Natalie Beyer, a volunteer board member for the liberal advocacy group Public Schools First NC, is disheartened by the Senate education budget.
Commenting in the News and Observer, Beyer said,“It’s becoming more and more challenging to retain experienced teachers. NCAE reported it takes 15 years for a teacher in North Carolina to finally make $40,000. We can choose to invest in people, and our teaching professionals deserve our investment.”
Natalie should blame NCAE for her sour mood, because the state’s largest teacher organization is reporting isn’t the whole story. First let’s say it’s technically true that under the current salary schedule – if a teacher received no salary supplement or received no additional pay for having an advanced degree or national certification — it would take 15 years to earn $40,000 in salary. However, what NCAE is leaving out is that many teachers receive a local salary supplement. In 2010-11 (the latest year available), the average local salary supplement was about $3,500. According to the data nearly all counties had teachers receiving some form of local supplement.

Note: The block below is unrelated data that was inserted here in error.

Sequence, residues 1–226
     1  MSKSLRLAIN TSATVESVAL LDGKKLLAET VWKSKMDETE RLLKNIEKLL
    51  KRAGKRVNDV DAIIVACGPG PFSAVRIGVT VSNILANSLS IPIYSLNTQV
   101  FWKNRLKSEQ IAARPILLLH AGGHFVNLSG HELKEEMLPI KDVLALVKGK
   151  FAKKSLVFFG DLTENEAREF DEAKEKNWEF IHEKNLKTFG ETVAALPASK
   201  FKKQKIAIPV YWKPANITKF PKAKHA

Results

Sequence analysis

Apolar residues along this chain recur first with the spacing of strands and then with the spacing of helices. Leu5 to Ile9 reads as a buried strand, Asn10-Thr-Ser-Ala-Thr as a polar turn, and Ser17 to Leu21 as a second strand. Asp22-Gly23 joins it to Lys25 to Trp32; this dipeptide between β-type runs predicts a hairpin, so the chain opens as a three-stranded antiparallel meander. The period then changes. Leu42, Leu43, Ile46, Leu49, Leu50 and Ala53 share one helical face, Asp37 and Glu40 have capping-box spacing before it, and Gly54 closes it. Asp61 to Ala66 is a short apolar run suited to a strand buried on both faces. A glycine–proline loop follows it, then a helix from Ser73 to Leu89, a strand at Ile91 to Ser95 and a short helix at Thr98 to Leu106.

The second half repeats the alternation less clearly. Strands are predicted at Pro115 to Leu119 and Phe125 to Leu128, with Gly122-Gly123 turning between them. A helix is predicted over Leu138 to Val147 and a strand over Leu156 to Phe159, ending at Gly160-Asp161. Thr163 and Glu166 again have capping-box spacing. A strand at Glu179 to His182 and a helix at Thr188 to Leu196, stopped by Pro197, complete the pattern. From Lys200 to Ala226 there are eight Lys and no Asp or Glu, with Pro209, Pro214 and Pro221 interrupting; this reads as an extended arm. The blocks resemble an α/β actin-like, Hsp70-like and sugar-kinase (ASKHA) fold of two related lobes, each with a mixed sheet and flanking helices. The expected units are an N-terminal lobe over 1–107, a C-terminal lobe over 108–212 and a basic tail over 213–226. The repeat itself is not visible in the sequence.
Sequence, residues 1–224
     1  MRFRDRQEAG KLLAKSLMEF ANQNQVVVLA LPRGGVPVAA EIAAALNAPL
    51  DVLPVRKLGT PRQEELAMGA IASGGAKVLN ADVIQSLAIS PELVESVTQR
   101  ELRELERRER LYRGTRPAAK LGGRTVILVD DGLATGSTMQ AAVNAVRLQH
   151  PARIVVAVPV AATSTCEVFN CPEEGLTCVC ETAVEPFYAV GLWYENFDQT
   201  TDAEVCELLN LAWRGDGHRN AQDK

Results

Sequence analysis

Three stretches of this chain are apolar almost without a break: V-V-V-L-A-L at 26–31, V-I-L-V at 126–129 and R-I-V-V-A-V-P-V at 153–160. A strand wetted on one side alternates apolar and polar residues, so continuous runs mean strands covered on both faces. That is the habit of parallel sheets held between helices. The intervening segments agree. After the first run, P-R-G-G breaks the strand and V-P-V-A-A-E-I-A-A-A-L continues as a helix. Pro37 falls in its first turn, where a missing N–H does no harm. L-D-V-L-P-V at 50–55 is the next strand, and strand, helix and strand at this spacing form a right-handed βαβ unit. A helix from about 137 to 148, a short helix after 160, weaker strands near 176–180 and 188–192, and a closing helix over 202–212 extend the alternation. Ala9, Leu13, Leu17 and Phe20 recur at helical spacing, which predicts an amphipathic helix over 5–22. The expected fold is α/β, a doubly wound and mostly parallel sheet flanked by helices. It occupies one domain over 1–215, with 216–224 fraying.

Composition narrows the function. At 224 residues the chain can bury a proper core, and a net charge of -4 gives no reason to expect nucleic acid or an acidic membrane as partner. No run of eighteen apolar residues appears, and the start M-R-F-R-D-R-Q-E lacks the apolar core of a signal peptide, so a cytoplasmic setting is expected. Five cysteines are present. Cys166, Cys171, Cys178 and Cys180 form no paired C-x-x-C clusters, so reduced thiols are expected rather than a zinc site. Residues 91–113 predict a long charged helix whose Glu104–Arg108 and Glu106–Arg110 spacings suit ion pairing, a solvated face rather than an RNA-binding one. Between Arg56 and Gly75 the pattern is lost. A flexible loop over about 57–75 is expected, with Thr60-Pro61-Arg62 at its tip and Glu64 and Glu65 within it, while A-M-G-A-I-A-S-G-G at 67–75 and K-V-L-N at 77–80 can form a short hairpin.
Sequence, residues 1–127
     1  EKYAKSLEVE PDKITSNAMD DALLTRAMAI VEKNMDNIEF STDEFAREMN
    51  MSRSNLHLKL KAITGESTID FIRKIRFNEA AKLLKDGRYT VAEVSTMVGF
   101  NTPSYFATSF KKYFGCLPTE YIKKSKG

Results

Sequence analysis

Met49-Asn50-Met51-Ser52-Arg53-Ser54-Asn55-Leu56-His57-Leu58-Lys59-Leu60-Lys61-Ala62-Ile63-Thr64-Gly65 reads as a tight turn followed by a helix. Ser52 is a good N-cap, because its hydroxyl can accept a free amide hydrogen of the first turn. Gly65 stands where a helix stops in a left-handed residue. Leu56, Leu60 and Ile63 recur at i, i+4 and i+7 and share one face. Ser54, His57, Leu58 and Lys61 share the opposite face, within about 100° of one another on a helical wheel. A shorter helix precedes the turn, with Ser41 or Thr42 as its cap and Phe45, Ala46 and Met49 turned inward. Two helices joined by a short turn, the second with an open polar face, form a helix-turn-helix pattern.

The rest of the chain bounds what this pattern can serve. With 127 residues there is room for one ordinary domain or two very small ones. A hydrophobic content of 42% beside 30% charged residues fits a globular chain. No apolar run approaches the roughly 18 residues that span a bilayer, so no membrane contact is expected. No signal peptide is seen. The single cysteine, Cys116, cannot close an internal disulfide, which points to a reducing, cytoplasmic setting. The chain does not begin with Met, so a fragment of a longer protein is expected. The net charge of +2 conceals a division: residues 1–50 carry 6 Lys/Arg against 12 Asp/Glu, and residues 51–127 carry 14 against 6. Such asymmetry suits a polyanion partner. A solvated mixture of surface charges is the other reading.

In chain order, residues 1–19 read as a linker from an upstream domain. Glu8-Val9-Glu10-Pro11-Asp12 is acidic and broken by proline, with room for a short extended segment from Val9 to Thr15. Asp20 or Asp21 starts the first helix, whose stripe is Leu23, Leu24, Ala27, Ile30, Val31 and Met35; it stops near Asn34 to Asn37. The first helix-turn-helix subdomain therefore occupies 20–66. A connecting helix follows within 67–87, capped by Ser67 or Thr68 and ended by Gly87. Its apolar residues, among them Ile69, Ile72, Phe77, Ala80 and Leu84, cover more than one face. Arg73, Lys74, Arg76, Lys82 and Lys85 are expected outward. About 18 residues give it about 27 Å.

In addition, teachers also supplement their income by acquiring a masters degree or doctorate. When teachers earn National Board for Professional Teaching Standards certification, they earn an automatic 12 percent boost in salary. North Carolina has approximately 19,800 NBPTS teachers, more than any other state. Finally, teachers also receive an additional salary supplement if they have an advanced degree (masters or doctorate) and receive NBPTS certification.
All told, the path teachers must take to earn $40,000 is in reality much shorter than NCAE claims. And that’s the rest of the story.